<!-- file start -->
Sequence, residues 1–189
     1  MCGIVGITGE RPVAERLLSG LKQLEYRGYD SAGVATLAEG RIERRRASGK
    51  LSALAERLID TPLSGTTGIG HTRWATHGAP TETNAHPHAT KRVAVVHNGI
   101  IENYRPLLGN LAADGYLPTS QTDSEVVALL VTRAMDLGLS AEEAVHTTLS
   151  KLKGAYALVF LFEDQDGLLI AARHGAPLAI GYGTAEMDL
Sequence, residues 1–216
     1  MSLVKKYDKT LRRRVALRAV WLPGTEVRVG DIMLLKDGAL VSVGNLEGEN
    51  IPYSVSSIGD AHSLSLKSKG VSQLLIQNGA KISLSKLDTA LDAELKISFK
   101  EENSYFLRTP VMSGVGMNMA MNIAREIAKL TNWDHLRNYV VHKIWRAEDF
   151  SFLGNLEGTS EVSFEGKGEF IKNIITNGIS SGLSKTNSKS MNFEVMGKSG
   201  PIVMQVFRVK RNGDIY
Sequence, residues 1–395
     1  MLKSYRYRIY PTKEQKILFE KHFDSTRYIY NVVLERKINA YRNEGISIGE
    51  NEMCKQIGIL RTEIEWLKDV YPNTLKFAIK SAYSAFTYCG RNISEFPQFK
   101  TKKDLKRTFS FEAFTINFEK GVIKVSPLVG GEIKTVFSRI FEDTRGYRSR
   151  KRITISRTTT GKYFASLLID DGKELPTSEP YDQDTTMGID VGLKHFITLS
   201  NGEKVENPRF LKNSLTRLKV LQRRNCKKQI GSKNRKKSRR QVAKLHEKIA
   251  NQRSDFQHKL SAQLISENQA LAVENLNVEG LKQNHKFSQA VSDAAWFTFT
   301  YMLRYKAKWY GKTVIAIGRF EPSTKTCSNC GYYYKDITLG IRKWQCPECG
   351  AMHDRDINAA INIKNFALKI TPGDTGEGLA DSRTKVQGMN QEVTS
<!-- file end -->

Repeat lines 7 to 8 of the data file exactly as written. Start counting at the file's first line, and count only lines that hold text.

     1  MSLVKKYDKT LRRRVALRAV WLPGTEVRVG DIMLLKDGAL VSVGNLEGEN
    51  IPYSVSSIGD AHSLSLKSKG VSQLLIQNGA KISLSKLDTA LDAELKISFK